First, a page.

- Be a little more 3 dimensional. Don’t always simply post happy selfies while out with friends or family.
- Spill a bit of anger, upset or even a few negative thoughts that you’re wrestling with from time to time.
- Post photos of some of your burned dinner or accidentally shrunken tops and pants disasters even if you do it in a comical way.
- Give people at least a hint of some kind that you’re not always just happy, happy and more happy. You have some down times too. You don’t need to air your dirty undies to do that but, you could go a little further in that aspect by letting others know that life for you isn’t always roses, lollipops and sunshine. No one’s lives are that filled with rainbows.
- Private message your closest friends when you have something as serious as a terminal illness. You don’t need to fill them in on every detail if you don’t want to but, at the least, give them a heads-up on it so that they are prepared and it isn’t a horrific shock when they do find out.
- While we all love to laugh, everything in Life isn’t one huge laughing spree to everyone else. Jokes are great and we all need them but, if all that we’re doing is spreading around jokes or chain letters or prayers or whatever else we do on these things all of the time, everyone else feels as though their lives are flawed seriously when they’re not in the mood for “funny”. Share something more serious at times.
- Not many people will take the time to read an important article, watch a video that may be inspiring but, we’ll all “GIF” or joke ourselves silly and still not know anything about each other in any real sense. We only know what we’re told and shown.
- When you’re hurting, you’re hurting. You may not want to share every detail of your hurt nor every time but, other people have had experiences as well and they may be able to say something or shed some light onto your situation which may be comforting if not a help.
- Don’t expect people to see you always smiling, laughing and selfies posted with others or on trips and figure that they’ll get what’s really going on in your life. The average person will only spend about 3 to 5 seconds on a post or photo. Post something a little more seriously said though and they will linger a bit longer because they too, have issues. None of us are without them.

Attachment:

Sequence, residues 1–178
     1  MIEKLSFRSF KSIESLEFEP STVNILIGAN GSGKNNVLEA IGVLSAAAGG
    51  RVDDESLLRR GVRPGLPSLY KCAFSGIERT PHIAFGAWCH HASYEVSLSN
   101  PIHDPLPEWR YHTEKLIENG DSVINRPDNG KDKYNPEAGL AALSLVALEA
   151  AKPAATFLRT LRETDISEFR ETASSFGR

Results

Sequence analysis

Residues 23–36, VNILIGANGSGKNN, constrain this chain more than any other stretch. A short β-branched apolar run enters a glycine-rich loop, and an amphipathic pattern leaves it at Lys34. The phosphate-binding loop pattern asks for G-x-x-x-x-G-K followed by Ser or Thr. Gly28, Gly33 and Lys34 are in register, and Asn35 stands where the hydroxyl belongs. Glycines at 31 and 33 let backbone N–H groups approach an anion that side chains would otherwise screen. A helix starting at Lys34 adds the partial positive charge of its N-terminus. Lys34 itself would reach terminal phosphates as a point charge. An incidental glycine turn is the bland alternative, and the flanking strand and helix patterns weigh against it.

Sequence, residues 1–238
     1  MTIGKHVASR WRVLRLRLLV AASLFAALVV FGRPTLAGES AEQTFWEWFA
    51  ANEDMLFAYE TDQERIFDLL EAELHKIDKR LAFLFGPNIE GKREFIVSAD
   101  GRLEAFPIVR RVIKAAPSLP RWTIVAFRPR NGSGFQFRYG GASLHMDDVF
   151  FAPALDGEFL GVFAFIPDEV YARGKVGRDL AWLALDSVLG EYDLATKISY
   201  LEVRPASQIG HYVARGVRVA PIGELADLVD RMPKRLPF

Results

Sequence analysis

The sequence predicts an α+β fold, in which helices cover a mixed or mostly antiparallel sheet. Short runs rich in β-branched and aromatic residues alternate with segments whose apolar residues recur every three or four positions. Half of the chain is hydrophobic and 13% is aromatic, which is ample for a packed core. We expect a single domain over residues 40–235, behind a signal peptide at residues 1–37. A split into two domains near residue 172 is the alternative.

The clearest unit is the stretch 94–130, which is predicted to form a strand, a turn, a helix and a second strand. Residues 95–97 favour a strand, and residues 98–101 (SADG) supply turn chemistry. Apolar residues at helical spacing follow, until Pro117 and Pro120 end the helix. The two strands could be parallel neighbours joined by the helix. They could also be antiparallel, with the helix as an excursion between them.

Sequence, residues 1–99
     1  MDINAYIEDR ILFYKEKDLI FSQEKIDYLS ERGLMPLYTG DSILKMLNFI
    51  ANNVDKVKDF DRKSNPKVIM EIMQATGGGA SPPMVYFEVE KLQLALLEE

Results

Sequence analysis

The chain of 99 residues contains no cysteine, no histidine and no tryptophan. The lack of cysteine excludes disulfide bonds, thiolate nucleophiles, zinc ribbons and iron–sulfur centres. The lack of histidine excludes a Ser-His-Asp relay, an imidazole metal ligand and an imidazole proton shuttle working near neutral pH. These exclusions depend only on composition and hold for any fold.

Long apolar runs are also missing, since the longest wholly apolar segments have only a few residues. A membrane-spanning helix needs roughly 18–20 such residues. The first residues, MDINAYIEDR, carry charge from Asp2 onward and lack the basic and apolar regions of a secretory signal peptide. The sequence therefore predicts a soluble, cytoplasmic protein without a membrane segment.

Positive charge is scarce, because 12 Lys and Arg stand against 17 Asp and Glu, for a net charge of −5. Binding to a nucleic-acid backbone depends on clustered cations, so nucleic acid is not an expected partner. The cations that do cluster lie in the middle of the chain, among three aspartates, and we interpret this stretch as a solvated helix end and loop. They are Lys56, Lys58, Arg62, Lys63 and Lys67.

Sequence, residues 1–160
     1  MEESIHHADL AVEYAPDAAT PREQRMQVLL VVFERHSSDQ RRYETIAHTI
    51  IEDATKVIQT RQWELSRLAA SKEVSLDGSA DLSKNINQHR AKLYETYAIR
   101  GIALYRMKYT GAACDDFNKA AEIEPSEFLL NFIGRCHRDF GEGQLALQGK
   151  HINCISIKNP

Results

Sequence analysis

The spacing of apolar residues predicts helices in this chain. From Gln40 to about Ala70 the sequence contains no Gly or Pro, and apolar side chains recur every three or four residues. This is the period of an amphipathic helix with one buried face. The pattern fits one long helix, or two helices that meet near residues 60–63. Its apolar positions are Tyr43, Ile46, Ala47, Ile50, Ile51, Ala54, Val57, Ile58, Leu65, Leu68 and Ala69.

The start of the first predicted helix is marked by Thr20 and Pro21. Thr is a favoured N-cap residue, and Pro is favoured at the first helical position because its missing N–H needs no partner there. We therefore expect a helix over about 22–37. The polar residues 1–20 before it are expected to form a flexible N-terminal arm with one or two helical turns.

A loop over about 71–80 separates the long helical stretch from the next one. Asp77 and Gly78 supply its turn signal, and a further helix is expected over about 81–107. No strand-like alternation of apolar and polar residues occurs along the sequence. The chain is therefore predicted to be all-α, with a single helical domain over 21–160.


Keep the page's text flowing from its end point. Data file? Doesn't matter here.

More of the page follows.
- Intersperse the good with the not-so-good in your life. Make yourself more accessible to others. Other people don’t like nor want to be around someone who is always laughing, cheerful or partying. They want to know that they are not alone in their troubles or even negative thinking at that point in time. Show them that you’re also a real person who has bad crap happening to you as well.
We can all go to joke sites and get our fix of humour. All of us have the capability of Googling inspirational sayings or quotes. We don’t need social media to post it all to nor, do we become “friends” with people who are on these media to hear of only the good, funny or inspirational. We friend others because we want to know the person as a whole, not the faked, non-reality of other’s lives only. Be more 3 dimensional with others on these platforms. Not just the sugar and spice and everything nice versions that we give out about ourselves.
From my little corner of life, the news is filled with disasters only because it’s what sells sponsors and air time. However, if someone is only posting the good in their lives, it’s as one sided as the evening news. Mix it up a bit and let others see you as a real person. If I have the wrong idea about this type of thing, I need to get off of social media altogether now. Excuse me while I delete my accounts.